SHEFFIELD TWP. — County Engineer Ken Carney has long been known as a fundraising powerhouse with a campaign war chest large enough to fend off even a well-funded challenger, but that reputation might have been exaggerated.
In Carney’s most recent campaign finance report, filed in January, he lists Carney for Engineer as having $78,072 on hand at the end of 2006, but the bulk of that is $67,000 in loans Carney made to the committee. That leaves him with about $11,000 in money that he’s raised from other sources in the bank.
Carney routinely has lent his committee money over the years, according to campaign finance reports dating back to 2000, the years that are the subject of a county Board of Elections audit that has been forwarded to the Ohio Secretary of State’s Office for review.
The elections board’s campaign finance examiners have been unable to determine whether Carney opened a $68,067 investment account in 2001 with his own money or funds belonging to the committee.
He closed the account, which listed Carney as the sole owner, in 2005 and transferred the remaining $40,969 to another account in his committee’s name. A campaign finance report filed in 2006 was the first time the elections board heard of the investment account, according to information being sent to the secretary of state.
Kelly Neer, the state’s assistant campaign finance administrator, said investing campaign money is perfectly legal so long as the committee and not the candidate personally, is the one profiting or losing money. Even if Carney failed to properly disclose that he had the account open in his own name, it might have been an honest mistake, Neer said.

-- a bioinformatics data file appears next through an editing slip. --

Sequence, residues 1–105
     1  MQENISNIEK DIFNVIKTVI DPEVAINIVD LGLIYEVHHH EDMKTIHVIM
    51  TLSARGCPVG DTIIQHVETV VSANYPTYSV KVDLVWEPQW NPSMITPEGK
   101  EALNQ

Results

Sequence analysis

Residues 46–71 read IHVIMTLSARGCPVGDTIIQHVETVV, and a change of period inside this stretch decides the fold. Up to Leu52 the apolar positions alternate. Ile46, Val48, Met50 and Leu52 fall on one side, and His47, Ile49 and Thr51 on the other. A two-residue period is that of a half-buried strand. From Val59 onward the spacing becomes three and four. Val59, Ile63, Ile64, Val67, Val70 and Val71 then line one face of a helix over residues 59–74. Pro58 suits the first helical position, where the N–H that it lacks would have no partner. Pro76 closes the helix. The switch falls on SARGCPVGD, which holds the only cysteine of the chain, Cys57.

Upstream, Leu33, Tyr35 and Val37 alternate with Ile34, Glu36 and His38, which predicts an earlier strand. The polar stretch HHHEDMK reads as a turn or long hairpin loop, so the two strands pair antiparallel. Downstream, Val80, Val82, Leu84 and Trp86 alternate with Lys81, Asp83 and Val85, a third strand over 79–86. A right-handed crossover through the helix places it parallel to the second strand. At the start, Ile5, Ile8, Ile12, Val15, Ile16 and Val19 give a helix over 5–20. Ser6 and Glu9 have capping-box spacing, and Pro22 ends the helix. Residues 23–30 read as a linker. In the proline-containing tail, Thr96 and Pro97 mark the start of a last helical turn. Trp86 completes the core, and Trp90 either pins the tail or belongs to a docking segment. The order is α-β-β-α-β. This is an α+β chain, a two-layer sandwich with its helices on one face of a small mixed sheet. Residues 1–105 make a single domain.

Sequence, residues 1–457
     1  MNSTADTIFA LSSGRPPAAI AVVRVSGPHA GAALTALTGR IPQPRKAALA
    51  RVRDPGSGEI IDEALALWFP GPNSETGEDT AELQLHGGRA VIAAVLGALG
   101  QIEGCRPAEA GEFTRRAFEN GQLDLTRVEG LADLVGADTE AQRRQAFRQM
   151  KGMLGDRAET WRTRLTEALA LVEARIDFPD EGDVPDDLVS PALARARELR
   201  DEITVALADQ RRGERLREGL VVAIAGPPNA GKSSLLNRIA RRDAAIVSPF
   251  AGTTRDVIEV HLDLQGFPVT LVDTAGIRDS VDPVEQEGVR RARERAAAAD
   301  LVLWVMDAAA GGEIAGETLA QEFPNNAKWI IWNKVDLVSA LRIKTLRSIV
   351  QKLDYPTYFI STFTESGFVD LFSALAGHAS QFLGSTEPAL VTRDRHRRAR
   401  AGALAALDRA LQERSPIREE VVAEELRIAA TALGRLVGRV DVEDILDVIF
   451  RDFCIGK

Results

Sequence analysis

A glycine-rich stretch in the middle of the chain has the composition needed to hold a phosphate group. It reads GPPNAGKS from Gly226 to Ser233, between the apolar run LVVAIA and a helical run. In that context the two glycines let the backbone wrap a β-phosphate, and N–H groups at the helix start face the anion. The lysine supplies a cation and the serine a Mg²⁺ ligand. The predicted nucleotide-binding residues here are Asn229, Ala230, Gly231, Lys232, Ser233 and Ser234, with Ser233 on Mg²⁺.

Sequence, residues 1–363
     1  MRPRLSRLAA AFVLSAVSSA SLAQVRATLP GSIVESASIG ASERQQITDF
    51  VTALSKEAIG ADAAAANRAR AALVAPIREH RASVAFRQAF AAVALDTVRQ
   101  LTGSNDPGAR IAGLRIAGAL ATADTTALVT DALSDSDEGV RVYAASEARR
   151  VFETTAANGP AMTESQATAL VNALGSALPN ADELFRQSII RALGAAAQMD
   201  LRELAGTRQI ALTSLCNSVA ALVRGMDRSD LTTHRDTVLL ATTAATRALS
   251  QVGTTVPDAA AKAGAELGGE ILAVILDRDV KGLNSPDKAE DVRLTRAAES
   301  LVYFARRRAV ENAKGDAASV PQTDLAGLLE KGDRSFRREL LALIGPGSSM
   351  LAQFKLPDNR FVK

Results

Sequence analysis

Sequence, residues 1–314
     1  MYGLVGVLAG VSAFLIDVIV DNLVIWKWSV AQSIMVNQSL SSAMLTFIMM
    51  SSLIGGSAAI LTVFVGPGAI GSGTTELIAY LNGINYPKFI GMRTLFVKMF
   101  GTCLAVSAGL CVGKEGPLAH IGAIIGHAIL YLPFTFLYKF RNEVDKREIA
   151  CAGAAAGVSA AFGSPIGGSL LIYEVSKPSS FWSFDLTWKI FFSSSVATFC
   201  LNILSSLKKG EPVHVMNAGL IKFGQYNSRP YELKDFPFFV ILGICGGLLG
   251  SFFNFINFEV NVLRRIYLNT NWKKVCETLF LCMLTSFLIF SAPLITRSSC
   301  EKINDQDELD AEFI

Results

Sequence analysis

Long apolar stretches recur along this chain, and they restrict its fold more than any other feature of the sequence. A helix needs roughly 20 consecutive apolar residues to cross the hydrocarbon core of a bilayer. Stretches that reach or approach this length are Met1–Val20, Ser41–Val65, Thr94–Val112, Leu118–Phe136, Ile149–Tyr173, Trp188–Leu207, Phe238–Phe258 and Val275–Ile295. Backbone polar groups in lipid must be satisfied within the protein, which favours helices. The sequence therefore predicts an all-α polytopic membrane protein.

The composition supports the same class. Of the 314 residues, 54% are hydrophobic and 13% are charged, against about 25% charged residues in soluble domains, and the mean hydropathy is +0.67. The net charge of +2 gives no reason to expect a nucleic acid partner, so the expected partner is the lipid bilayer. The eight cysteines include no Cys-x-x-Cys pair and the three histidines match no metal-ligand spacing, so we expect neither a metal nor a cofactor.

“Just because it was in his personal name doesn’t set off an alarm bell — yet,” Neer said.
County Democratic Party Chairman Tom Smith said Carney might be guilty of a technical violation for bad bookkeeping, but he doesn’t believe it’s more serious.
Carney did not return calls seeking comment Wednesday, but a day earlier he denied any wrongdoing and characterized the problems revealed by the audit as “minor.”
In 2004, Carney’s big bank account didn’t deter independent Thomas Hesmond from challenging Carney — the last time his name appeared on the ballot. Hesmond, who spent the bulk of his career working for a private engineering firm, was defeated by a margin of almost two to one despite significant backing from Republicans. According to Hesmond’s 2004 campaign finance reports he spent about $45,000 in his bid to oust Carney.
In that race, Carney spent more than $57,000 to win re-election, according to amended reports he filed to address concerns raised by the audit. Even after winning the race, the most recent report said, Carney had $58,173 available, but most of that came from $49,000 in loans he’d made to the campaign.